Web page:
There are many things that are difficult about having mental health issues. But there is one thing that I really struggle with, and it has nothing to do with the lack of treatment available, or the stigma that is associated with these sorts of illnesses. In fact, it doesn’t even have anything to do with people who don’t understand mental health issues at all. No, the issue I struggle with most is something that is strictly limited to people who have a mental health illness; The idea that mental health is a competition. Or, as I like to call it, the ‘migraine-headache’ scenario.
Now, this is not something that is widely spoken about, and I’m starting to wonder if I’m the only one who’s ever felt like this, so I wanted to open up a discussion about it and see if anyone else has ever felt the same. Currently, I am classified as having ‘Moderate’ depression and Anxiety, and to many people it often seems as though I am functioning well and I don’t appear to be suffering from mental health issues at all. Even those who know me well sometimes think that I am just being ‘lazy’, ‘moody’ or ‘upset’ rather than realising I am depressed. And, to be fair, as much as this can be difficult, I don’t blame these people for this; It can be hard to have empathy for something you have very little understanding of. Even I struggle to understand my condition, so I can’t blame people who have no first hand experience!
But I do find it really difficult, when people who know a great deal about what you are going through, undermine how you are feeling. Sometimes it feels as if you are not ill enough for them, because your symptoms do not present themselves in the same way as theirs. Now, don’t get me wrong, I am in in no way saying that my condition is as bad as it gets, because that is certainly not the case at all. I am very fortunate that I have days when my condition does not inhibit me at all. How ever, mental health is all relative, and if someone is struggling, then that makes them just as worthy of help as anyone.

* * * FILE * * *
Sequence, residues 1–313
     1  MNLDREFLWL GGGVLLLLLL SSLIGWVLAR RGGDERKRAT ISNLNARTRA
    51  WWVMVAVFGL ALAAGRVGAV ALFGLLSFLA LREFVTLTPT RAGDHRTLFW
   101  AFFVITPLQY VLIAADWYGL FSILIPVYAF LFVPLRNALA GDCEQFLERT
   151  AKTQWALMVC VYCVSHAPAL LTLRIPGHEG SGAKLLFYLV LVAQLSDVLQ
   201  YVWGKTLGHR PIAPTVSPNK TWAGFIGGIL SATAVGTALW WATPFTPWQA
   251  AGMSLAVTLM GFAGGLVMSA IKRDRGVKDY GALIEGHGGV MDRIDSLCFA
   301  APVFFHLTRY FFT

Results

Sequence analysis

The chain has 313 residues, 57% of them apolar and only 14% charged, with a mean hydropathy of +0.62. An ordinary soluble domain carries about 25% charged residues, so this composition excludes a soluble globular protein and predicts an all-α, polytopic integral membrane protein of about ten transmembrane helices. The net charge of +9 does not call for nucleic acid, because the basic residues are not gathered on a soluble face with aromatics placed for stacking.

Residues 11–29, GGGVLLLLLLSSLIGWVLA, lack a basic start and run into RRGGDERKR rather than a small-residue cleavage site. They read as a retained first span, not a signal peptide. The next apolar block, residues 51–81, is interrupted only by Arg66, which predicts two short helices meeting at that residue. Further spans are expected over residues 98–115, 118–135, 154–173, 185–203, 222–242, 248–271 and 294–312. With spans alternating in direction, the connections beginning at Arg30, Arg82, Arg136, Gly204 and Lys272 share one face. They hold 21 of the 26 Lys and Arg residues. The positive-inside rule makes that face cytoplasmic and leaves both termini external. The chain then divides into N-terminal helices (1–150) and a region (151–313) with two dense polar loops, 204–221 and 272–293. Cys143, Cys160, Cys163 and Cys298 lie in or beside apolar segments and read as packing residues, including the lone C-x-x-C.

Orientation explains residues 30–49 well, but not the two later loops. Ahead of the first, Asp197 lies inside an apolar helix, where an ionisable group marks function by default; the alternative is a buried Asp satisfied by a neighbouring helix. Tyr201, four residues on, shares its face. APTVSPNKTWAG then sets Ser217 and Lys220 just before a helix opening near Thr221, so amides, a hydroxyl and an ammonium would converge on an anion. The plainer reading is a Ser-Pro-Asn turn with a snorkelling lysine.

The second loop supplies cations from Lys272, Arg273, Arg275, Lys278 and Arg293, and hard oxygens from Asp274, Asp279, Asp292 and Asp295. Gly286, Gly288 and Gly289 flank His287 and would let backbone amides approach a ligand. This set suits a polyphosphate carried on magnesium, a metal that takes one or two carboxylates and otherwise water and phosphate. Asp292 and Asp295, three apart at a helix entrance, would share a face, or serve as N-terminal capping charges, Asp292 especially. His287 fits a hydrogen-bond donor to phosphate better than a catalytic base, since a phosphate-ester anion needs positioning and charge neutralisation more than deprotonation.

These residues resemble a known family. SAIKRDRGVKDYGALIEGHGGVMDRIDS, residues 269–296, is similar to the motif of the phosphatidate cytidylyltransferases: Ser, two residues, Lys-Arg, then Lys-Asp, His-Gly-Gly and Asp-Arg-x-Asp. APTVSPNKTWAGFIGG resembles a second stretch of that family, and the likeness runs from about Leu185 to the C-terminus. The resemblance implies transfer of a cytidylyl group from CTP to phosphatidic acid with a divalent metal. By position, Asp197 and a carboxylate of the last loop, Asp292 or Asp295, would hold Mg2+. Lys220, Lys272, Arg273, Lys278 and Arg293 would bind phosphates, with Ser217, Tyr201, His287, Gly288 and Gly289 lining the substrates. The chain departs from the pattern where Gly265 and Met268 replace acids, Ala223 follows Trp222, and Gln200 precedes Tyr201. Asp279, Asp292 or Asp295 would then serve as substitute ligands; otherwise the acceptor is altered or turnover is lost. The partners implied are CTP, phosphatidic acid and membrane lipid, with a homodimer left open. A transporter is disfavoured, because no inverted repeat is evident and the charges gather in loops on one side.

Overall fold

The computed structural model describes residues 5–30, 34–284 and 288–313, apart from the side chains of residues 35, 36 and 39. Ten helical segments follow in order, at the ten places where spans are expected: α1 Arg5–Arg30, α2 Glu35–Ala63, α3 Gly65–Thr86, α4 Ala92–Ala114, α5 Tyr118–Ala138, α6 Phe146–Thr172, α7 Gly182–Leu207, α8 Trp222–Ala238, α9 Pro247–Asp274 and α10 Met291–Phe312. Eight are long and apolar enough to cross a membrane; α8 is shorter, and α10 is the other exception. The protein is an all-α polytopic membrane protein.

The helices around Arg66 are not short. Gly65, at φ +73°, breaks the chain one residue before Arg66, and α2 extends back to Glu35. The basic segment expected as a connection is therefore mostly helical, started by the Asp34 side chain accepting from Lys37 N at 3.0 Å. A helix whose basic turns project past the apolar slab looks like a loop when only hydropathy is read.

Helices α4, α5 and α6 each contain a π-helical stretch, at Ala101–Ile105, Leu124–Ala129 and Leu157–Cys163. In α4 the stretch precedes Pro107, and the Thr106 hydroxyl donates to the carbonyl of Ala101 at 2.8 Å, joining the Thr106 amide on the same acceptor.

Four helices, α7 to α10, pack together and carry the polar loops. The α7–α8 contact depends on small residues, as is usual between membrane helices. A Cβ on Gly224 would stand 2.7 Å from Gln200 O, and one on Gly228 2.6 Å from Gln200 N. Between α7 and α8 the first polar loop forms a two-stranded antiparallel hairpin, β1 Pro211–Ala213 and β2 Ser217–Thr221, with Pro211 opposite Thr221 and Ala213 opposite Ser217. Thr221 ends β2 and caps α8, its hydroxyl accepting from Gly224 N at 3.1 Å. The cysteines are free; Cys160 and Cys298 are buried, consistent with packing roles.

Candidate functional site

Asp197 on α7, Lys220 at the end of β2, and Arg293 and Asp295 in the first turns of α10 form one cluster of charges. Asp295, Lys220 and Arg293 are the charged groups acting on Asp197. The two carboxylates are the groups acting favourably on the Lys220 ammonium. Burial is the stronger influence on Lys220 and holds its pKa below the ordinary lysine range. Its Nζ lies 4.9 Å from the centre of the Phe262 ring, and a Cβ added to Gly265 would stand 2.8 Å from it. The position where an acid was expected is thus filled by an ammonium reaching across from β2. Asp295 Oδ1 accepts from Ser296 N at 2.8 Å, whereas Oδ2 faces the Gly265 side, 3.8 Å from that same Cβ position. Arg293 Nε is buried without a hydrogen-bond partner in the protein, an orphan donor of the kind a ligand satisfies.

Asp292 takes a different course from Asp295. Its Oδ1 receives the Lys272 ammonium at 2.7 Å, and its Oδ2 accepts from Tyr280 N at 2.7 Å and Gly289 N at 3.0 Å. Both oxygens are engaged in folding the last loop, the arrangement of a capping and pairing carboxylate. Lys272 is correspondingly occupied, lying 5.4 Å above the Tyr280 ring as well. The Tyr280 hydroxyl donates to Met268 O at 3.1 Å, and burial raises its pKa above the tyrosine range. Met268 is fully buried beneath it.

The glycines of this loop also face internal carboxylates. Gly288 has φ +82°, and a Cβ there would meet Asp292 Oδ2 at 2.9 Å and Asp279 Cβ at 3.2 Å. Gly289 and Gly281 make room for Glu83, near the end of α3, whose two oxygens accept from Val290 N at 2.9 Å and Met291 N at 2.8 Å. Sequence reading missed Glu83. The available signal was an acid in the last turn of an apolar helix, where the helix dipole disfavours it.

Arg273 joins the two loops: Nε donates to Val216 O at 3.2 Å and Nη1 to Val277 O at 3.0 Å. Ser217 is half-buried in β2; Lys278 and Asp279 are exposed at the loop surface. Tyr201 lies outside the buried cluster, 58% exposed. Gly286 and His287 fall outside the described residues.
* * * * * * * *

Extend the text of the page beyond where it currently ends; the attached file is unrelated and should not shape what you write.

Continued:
I have had friends in the past who, when I try to talk to them about how I am feeling, will quickly shut me down and insist that ‘I have it easy’, or will even start to list off the ways in which their lives are more difficult than mine, rather than just listening to me and validating my feelings. It began to feel almost like a game, and if you didn’t score enough illness points then you got kicked out of the group. In the end, I was left feeling like I wasn’t worthy of comfort, wasn’t allowed to feel my emotions and had the suppress them. The few people who should have understood how I felt were the ones who turned on me the most. I don’t think they were even really aware of what they were doing.
Perhaps the fact that we have to fight so hard for the right to treatment has caused this infighting within a community that should have each other’s backs. It is possible that these people don’t even realise what they are doing. It could even be that I’m reading too much into these situations, or that my low mental health has made me overly sensitive to passive comments made without any ulterior motive. Whatever the case, if you’re reading this and have never come across this sort of ‘competitive’ behaviour, I will be so happy that you have never been made to feel like you are not worthy of the same compassion as everyone else. But to anyone reading this who has been in similar situations to me, and made to think that your feelings weren’t worthy of consideration, then I am here to tell you otherwise. You ARE worthy to feel your emotions in full force, to express how you feel to people, and most importantly, you are worthy of the same respect as everyone else.
Mental Illness can be lonely and isolating. It works to separate us all until we feel we have nowhere to turn, and no one to talk to. So let us stand together, not turn on each other.